Columns share an author’s personal perspective.
No year in my lifetime has been welcomed more than 2021. Multiple vaccines have been approved with the promise that we will be able to put the COVID-19 threat behind us by mid-summer. Businesses are making plans to gear up for the recovery. Jobs are expected to return. By fall, we should be able to pack our stadiums and cheer on our favorite sports teams. Once again, we can travel. Family vacations, reunions and gatherings for Thanksgiving and Christmas should return to normal by year’s end.
A year ago, in this column, I wrote, “2020 rings with the hope of perfect vision and a perfect year. But we already know it will have its challenges. … 2020 will not be easy. It certainly will not be perfect.”
To say that “2020 would not be easy and that it certainly would not be perfect” proved to be a vast understatement. None of us could have predicted the pandemic that would shock and stun the world. This has been an unusually difficult year. While some have prospered, many have lost their jobs, struggled with isolation and separation from family and friends. Restaurants, the travel industry, and live entertainment have especially been hit hard. More than 340,000 have died of COVID-19 related causes.
We still have a long way to go. The earliest vaccines are just now being administered, but we are hopeful. We have not given up. People remain resilient, perseverant, ready to pitch in and help those who need assistance the most. Restaurants, struggling under the restrictions of the pandemic have provided meals to frontline workers.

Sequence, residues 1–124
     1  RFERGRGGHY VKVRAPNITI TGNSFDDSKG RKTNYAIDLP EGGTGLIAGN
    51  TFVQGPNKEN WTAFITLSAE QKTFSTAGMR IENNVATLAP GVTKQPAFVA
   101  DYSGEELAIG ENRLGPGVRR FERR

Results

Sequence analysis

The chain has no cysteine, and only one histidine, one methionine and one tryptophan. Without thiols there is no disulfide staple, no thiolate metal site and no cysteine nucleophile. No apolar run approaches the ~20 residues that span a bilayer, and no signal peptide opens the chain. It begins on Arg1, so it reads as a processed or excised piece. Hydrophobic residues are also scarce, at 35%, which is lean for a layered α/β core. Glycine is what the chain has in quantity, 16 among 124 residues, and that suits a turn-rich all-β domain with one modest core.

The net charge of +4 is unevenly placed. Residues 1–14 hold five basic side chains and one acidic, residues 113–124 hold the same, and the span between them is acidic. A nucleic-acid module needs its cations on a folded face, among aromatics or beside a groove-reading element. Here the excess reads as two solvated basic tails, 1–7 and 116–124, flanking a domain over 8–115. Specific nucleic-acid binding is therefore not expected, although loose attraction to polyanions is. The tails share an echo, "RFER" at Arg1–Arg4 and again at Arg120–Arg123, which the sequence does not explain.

Doctors, nurses and medical staff have served sacrificially putting themselves at risk to care for COVID-19 patients. Like so many others, our daughter-in-law is a nurse and a breast cancer survivor. She suffered severe symptoms after contracting COVID-19 from her patients. Once recovered, she has returned to continue her care. Our son-in-law has volunteered as a bone-marrow donor for someone struggling with leukemia. We are proud of our kids and the millions of others who continue to put the interest of others before their own during these trying times.
Jesus was clear that every generation would have such trials. He warned of wars and rumors of wars, plagues, famines and natural disasters. Jesus said, “There will be signs in sun and moon and stars, and on the earth dismay among nations, in perplexity at the roaring of the sea and the waves, men fainting from fear and the expectation of the things which are coming upon the world, for the powers of the heavens will be shaken. Then they will see the Son of Man coming in a cloud with great glory. But when these things begin to take place, straighten up and lift up your heads, because your redemption is drawing near” (Luke 21:25-28).
God has promised, “I know the plans I have for you,’ declares the Lord, ‘plans for welfare and not for calamity to give you a future and a hope’” (Jeremiah 29:11).
Bill Tinsley reflects on current events and life experience from a faith perspective. His books are available at www.tinsleycenter.com. Email firstname.lastname@example.org.